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Unregistered Sale Agreement Can Be Relied Upon As Evidence In A Suit For Specific Performance: Lakshmi Ammal And Others Vs Gejaraj (Died) And Others

Gautam Badlani ,
  13 May 2022       Share Bookmark

Court :
Madras High Court
Brief :

Citation :
S.A.No.565 of 2015

Date of judgement:
29th April, 2022

Bench:
Hon’ble Justice N. Anand Venkatesh

Parties:
Petitioner – LAKSHMI AMMAL
Respondent – GEJARAJ (DIED) AND OTHERS

SUBJECT

The Court, in this case, held that even an unregistered sale deed can be relied upon as evidence when the relief of decree of specific performance is sought.

OVERVIEW

  • The plaintiff had filed a suit before the Trial Court seeking the relief of permanent injunction restraining the defendants from interfering with the suit premises.
  • He also pleaded for restraining the defendants from alienating the suit premises.
  • The plaintiff submitted that the defendants no. 2-5 had executed a power of attorney in the favour of defendant no. 1 who had, in turn, entered into a sale deed with the plaintiff with respect to the suit premises
  • As per the sale, deed the balance consideration of 10,000 was payable within 3 years.
  • The possession of the suit premises and the parent documents were delivered to the plaintiff.
  • The plaintiff contended that the defendants deliberately avoided the execution of sale deed and interfered with the possession of the plaintiff and tried to alienate the suit premises.
  • Defendant no. 1 contended that the plaintiff was unable to pay the balance consideration and had agreed to return the possession of the suit premises.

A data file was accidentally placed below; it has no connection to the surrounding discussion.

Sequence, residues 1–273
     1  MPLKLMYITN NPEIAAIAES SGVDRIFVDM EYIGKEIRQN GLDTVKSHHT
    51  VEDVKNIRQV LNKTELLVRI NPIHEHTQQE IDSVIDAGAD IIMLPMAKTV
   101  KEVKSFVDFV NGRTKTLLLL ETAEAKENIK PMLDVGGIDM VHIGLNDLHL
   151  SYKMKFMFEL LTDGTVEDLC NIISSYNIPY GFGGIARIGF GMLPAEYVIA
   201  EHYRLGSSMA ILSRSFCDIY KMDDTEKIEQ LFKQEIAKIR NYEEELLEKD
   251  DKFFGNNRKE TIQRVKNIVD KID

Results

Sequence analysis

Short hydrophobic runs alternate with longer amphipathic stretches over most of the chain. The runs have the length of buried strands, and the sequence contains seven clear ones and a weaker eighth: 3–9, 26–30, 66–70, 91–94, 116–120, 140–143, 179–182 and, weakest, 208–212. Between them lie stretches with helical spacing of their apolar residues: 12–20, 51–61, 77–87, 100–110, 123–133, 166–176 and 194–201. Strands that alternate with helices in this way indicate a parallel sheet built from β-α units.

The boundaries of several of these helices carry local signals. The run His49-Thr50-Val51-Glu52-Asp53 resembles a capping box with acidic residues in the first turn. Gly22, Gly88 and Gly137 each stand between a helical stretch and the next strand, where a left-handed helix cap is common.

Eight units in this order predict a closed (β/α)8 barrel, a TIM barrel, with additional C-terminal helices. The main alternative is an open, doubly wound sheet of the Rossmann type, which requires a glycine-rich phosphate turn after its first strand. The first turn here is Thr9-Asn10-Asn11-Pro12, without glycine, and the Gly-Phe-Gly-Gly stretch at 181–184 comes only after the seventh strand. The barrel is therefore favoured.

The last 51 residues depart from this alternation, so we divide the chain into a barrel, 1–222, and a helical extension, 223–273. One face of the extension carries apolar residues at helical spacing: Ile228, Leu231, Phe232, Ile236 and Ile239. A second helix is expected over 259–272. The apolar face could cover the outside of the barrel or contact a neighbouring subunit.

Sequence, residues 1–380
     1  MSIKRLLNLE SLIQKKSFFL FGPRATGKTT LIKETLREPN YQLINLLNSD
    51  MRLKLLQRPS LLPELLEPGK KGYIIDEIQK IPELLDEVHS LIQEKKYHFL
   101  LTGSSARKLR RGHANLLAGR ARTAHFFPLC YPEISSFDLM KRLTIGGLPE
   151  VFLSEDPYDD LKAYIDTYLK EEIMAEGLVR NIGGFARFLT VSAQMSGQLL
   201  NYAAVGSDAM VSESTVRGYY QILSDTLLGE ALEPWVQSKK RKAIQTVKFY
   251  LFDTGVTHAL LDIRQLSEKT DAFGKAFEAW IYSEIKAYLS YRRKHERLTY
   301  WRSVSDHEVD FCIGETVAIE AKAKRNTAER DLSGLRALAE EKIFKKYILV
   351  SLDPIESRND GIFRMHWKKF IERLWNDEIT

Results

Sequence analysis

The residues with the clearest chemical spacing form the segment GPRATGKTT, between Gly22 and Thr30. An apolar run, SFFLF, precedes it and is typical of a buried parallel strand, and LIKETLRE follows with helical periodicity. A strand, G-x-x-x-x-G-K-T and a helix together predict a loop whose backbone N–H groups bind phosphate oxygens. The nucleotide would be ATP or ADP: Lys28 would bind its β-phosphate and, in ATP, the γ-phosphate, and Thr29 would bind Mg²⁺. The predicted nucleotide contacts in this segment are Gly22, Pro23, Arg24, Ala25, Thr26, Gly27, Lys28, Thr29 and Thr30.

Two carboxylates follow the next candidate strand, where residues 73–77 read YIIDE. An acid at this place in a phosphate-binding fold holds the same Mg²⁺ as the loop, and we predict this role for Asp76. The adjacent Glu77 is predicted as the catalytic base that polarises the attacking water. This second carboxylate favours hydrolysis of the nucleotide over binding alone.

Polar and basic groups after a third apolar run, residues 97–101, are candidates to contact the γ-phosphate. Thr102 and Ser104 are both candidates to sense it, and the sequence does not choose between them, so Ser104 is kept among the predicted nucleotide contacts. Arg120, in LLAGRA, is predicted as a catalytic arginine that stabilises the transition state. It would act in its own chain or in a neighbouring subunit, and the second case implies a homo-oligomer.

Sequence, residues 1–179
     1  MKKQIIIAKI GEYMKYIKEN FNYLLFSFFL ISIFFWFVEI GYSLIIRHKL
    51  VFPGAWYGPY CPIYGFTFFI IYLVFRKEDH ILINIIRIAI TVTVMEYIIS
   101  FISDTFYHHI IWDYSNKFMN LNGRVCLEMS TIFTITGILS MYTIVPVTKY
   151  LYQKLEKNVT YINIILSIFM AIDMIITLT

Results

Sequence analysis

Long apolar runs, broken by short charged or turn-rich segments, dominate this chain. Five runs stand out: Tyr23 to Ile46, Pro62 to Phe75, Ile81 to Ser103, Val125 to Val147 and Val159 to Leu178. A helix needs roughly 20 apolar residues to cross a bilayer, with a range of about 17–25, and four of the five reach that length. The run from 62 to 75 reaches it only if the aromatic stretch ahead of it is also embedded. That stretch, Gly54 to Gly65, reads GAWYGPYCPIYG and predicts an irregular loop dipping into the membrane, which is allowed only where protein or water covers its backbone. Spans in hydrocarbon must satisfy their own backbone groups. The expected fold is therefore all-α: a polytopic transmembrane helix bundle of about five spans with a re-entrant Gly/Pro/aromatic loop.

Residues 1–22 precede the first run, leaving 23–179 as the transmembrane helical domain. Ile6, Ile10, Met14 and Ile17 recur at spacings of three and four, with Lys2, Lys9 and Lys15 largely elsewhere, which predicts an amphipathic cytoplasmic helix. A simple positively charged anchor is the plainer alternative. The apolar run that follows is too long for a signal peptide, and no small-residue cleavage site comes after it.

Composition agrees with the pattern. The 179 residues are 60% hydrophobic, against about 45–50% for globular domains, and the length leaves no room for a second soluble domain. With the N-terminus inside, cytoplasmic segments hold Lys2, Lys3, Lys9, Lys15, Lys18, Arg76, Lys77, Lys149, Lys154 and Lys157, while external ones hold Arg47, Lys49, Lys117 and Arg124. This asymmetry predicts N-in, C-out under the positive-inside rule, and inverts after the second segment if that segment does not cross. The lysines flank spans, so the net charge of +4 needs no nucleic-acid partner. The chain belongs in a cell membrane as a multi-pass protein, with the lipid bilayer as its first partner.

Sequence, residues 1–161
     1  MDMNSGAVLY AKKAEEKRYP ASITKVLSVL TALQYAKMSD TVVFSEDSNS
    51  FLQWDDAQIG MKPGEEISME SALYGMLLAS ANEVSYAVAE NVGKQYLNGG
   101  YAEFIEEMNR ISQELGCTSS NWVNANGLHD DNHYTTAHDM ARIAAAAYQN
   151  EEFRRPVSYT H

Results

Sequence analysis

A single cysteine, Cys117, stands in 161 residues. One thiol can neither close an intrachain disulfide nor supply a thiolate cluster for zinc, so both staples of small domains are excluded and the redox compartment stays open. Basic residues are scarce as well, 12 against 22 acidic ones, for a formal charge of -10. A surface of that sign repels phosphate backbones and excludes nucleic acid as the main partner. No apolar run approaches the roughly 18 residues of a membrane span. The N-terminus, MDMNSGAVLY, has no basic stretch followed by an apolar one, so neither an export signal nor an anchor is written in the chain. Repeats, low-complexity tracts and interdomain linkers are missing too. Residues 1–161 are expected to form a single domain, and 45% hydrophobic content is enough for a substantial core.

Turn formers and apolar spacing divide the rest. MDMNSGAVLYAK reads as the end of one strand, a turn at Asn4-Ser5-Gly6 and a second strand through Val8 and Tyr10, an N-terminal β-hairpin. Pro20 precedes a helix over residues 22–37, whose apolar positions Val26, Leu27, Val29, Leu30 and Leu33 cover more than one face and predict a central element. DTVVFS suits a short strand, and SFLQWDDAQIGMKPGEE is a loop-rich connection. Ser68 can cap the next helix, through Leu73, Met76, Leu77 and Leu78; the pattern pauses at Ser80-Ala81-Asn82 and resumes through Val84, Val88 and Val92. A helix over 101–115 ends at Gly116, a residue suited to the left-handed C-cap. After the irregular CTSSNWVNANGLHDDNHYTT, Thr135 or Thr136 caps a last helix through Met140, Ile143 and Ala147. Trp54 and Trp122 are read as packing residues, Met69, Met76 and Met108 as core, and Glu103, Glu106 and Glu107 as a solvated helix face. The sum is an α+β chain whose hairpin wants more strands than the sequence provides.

• Furthermore, the power of attorney had also been cancelled.
  • The other defendants submitted that the defendant no. 1 had not acted as per the conditions stipulated in the power of attorney. They further contended that the sale deed was fabricated.
  • The Trial Court dismissed the suit and the plaintiff thereafter approached the appellate court which set aside the judgment of the Trial Court and granted the decree for specific performance.
  • Thereafter, the plaintiff filed the second appeal.

RELEVANT PROVISIONS

Transfer of Property Act, 1882

  • Section 53A: Part Performance

QUESTIONS RAISED

  • Whether the Trial Court had erred in granting the decree of specific performance?

JUDGMENT ANALYSIS

  • The Court primarily noted that both the Trial Court and the Appellate Court had upheld the sale deed's genuineness.
  • The Court noted that the sale deed executed by defendant no. 1 will bind the other defendants by virtue of the power of attorney.
  • The Court further noted that the Court cannot interfere with the clause of the agreement which the parties have consciously entered into merely because the clause seems unreasonable to the Court.
  • The Court thus held that the Trial Court had erred in doubting the sale agreement and the judgment was rightly set aside by the Appellate Court.
  • Furthermore, the Court noted that the sale deed had been executed and a substantial part of the consideration provided in the sale deed had been paid by the plaintiff.
  • This established the readiness on the part of the plaintiff to perform his part of the sale deed and hence he was entitled to the decree of specific performance.

CONCLUSION

The Court held that even where the sale deed is unregistered, it will be admissible as evidence so far as the remedy of decree of specific performance is concerned. Hence, the second appeal was dismissed by the Court.

Learn the practical aspects of CrPC HERE, CPC HERE, IPC HERE, Evidence Act HERE, Family Laws HERE, DV Act HERE

Click here to download the original copy of the judgement

 
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